Eye Drops for Glaucoma
Glaucoma is a chronic condition that affects the eyes and optic nerve, eventually resulting in blindness. Fluid begins to build up in the eyeball, increasing pressure in the eye (intraocular pressure, or IOP) and damaging the optic nerve, which sends the light signals your eyes receive to the brain to become images. Surgery is reserved for cases where conservative approaches have not been able to slow or prevent damage. Eye drops made specifically for glaucoma are a great option for glaucoma patients. Here’s a look at how eye drops for glaucoma work, some important things to know about taking eye drops for glaucoma, and some of the more common types of eye drops.
How Do Eye Drops for Glaucoma Work?
Because the pressure that erupts in the eyeballs is ultimately the biggest cause of damage (and thus blindness), most eye drops for glaucoma are made to decrease IOP in the eyeballs. A few types of drops will help improve the flow of the fluid in your eyes out of your eyes. Eye drops can be a good option for patients who have begun treatment in earlier stages of the disease, patients for whom surgery is not an option, and for most glaucoma patients in general before attempting more invasive treatment methods. In most cases, eye drops used regularly and as prescribed can help prevent vision loss from glaucoma.
Who Shouldn’t Take Eye Drops for Glaucoma?
Eye drops are not appropriate for everyone. The active ingredient in eye drops for glaucoma can get into the bloodstream; although it is a small amount, it can negatively influence autonomic nerve system functions, like breathing and your heart rate. All About Vision reports that eye drops can make conditions like asthma worse, and they may react badly with medications (particularly digitalis).
Allergies to Eye Drops
Second, glaucoma eye drops are generally irritating to the eyes when you first start them. This is normal, but if it becomes more than you can stand, call your eye doctor or family doctor as soon as possible. However, some people will experience an allergic reaction to eye drops for glaucoma; puffiness, redness, difficulty breathing, or generally feeling unwell are not normal reactions. If you experience any of this, stop taking your eye drops and call your doctor immediately.
It can take some time to figure out which eye drops are going to work best for you. You may need to take multiple drops at once for the best effect and protection. According to All About Vision, “many types of these drops can enhance the effects of other types.” If you have a bad reaction to one type, or it doesn’t seem to be helping, this doesn’t mean there isn’t one that won’t help.
Types of Eye Drops for Glaucoma
There are roughly six different types of eye drops for glaucoma, each with different drugs umbrellaed beneath them. Each different drug is generally available in one or more name brands, as well the below mentioned generic name. There are a variety of drops currently undergoing research or clinical trials. Combination drops are also available since about 50% of glaucoma patients use more than one type of eye drop at a time. The different types of eye drops, their purpose, and their common side effects include:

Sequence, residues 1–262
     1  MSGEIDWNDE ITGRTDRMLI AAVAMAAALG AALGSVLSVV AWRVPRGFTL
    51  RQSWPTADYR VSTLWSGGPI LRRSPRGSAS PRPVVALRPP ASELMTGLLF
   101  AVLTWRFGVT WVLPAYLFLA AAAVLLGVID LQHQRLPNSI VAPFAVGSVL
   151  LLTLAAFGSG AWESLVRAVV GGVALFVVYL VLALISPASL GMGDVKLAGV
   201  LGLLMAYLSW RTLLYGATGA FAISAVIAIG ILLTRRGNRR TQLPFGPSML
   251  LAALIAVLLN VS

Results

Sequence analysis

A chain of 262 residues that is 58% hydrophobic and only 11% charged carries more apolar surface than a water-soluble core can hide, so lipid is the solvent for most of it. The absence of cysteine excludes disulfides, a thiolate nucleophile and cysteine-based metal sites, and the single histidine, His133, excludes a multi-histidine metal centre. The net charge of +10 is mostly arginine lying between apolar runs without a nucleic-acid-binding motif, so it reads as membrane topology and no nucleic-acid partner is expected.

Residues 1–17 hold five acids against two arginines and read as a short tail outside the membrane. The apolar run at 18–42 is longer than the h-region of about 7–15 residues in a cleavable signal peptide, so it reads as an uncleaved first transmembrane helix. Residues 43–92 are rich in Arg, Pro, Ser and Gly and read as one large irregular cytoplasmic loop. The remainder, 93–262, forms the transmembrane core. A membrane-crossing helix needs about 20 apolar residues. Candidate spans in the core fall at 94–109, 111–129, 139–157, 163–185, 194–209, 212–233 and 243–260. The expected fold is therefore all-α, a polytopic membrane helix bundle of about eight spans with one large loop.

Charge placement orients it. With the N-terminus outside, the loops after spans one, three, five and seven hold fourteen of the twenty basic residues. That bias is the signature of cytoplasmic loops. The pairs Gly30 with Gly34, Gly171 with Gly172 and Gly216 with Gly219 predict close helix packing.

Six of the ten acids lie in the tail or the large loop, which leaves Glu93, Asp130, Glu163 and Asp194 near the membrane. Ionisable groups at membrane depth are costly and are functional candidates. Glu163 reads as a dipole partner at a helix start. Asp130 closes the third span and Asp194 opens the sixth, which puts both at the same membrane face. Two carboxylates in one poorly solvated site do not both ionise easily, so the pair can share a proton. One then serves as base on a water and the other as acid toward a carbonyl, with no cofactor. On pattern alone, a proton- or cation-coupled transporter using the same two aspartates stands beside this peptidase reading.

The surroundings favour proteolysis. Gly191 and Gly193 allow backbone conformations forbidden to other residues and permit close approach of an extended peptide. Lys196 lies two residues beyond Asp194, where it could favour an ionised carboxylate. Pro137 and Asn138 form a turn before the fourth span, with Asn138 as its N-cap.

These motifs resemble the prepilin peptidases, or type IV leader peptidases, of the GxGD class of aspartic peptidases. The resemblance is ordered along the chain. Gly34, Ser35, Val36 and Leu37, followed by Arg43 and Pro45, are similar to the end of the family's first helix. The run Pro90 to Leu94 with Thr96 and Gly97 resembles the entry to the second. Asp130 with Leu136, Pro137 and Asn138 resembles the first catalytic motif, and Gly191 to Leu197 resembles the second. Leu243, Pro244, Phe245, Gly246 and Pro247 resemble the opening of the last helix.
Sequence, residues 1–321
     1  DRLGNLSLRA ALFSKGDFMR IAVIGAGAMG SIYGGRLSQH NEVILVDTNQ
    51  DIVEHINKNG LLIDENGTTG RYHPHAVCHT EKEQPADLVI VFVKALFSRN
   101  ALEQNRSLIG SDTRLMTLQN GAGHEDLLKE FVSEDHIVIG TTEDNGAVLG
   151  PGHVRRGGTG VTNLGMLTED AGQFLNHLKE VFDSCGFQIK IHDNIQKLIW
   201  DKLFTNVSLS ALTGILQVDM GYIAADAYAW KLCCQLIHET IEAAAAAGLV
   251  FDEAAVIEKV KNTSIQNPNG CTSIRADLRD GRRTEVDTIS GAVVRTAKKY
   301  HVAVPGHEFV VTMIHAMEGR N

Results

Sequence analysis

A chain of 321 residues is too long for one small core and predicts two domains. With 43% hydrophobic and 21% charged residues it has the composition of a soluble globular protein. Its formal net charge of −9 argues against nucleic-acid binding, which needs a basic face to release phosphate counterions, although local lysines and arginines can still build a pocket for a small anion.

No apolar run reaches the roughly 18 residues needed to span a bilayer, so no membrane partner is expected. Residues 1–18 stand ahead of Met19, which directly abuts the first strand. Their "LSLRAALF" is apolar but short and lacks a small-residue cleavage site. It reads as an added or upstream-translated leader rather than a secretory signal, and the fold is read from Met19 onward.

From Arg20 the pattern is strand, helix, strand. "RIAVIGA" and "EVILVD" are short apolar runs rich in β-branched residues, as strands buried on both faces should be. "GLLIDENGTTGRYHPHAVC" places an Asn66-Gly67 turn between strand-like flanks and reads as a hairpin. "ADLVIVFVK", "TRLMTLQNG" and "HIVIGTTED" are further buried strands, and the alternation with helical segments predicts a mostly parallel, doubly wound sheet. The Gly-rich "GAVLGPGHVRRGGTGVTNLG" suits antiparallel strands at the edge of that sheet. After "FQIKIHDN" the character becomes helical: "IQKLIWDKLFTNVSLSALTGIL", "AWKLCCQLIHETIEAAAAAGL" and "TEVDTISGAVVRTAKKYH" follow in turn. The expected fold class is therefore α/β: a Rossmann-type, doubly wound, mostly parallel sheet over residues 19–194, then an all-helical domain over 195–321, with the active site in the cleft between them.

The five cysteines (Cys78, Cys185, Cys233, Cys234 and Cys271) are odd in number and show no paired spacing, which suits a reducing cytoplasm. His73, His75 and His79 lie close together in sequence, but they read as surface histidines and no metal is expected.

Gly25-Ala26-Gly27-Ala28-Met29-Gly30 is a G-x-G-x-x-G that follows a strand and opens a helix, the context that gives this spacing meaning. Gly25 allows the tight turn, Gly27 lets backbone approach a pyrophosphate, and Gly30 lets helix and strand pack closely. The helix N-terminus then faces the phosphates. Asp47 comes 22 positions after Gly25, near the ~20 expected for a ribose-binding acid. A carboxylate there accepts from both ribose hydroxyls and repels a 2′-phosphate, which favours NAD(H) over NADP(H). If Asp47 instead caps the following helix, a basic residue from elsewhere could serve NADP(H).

- Alpha-adrenergic agonists: Alpha agonists include apraclonidine and brimonidine. These drops help lower the amount of fluid produced (aqueous humor production) and are safely used with other drops. Side effects include red or itchy eyes, dilated pupils, and an elevation of the upper lid.
- Beta Blockers: Beta blockers include betaxolol, carteolol, levobunolol and timolol. Often prescribed in tandem with prostaglandins, these drops keep the eyes from producing as much fluid. They are largely inappropriate for people with cardiovascular issues. Side effects include dizziness, reduced heart rate, fatigue, and even depression or sexual dysfunction.
- Carbonic anhydrase inhibitors: Carbonic anhydrase inhibitors include brinzolamide and dorzolamide. Rarely used singly, these inhibitors also decrease the amount of fluid produced in the eyes. Side effects include burning or redness in the eyes, noticing a bitter taste in the mouth, and eyelid reactions. More severe side effects can make the drops completely unpalatable, including sexual dysfunction, tiredness, low appetite, unintended weight loss, depression, kidney stones, peripheral neuropathy, and a metallic taste in the mouth.
- Epinephrine: Epinephrine and dipivalyl epinephrine are the only two types of epinephrine based drops. Epinephrine based drops can not only help reduce aqueous humor production, but also help improve its flow out of the eyes. Side effects include conjunctival deposits, heart palpitations, increased pulse, and tear duct blockage.
- Parasympathomimetics: Also called cholinergic agonists, drops include carbachol, echothiophate, demecarium, and pilocarpine. These drops also improve the flow of fluid out of the eye, particularly for narrow angle glaucoma. Side effects include constriction of pupils, aching forehead, poor night vision, and burning eyes.
- Prostaglandins: Also called prostamide analogues, these include bimatoprost, latanoprost, tafluprost and travoprost. Used once a day, they relax muscles in the eye to allow fluid to flow out, thus decreasing IOP. Side effects include burning sensation upon application, eyelash growth, and darkening of the eye color.